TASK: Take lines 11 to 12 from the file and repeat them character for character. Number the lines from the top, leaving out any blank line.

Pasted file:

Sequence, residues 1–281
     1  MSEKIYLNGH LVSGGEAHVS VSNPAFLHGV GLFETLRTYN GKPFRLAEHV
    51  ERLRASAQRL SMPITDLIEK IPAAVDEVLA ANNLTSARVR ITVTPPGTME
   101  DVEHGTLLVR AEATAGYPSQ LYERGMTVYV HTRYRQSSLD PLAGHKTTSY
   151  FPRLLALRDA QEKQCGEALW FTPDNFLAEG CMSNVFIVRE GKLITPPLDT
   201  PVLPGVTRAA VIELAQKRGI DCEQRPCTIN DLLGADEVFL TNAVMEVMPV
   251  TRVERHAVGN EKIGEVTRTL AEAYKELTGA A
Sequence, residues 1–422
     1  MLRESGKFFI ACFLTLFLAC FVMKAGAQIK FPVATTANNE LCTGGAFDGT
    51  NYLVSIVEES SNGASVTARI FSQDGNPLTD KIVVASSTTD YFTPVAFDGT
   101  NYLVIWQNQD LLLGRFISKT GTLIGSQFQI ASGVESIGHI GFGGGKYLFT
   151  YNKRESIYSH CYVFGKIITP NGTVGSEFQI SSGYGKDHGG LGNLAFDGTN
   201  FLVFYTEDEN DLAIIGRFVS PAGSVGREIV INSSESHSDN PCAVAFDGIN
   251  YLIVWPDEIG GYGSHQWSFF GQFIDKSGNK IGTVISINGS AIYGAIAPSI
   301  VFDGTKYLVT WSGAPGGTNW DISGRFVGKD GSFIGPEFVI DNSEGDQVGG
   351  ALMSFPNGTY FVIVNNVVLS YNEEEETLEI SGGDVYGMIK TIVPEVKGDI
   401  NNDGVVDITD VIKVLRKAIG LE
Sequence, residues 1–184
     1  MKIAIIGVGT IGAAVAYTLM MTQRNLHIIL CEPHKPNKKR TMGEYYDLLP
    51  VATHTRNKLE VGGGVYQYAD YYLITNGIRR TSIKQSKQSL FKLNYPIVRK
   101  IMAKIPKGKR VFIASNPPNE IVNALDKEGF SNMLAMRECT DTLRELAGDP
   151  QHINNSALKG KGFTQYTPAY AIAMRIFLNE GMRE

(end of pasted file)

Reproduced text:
   101  NYLVIWQNQD LLLGRFISKT GTLIGSQFQI ASGVESIGHI GFGGGKYLFT
   151  YNKRESIYSH CYVFGKIITP NGTVGSEFQI SSGYGKDHGG LGNLAFDGTN